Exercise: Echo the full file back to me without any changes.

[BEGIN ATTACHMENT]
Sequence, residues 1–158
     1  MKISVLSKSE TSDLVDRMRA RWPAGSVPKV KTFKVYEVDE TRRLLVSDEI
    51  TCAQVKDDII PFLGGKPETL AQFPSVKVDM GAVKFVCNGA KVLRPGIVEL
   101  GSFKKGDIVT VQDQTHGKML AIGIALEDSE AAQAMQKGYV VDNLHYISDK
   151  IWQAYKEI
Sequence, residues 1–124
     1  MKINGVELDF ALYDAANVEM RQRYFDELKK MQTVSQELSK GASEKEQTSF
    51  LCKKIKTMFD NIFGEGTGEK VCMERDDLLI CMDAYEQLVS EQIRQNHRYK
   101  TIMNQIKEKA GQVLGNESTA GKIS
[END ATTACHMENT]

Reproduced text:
Sequence, residues 1–158
     1  MKISVLSKSE TSDLVDRMRA RWPAGSVPKV KTFKVYEVDE TRRLLVSDEI
    51  TCAQVKDDII PFLGGKPETL AQFPSVKVDM GAVKFVCNGA KVLRPGIVEL
   101  GSFKKGDIVT VQDQTHGKML AIGIALEDSE AAQAMQKGYV VDNLHYISDK
   151  IWQAYKEI
Sequence, residues 1–124
     1  MKINGVELDF ALYDAANVEM RQRYFDELKK MQTVSQELSK GASEKEQTSF
    51  LCKKIKTMFD NIFGEGTGEK VCMERDDLLI CMDAYEQLVS EQIRQNHRYK
   101  TIMNQIKEKA GQVLGNESTA GKIS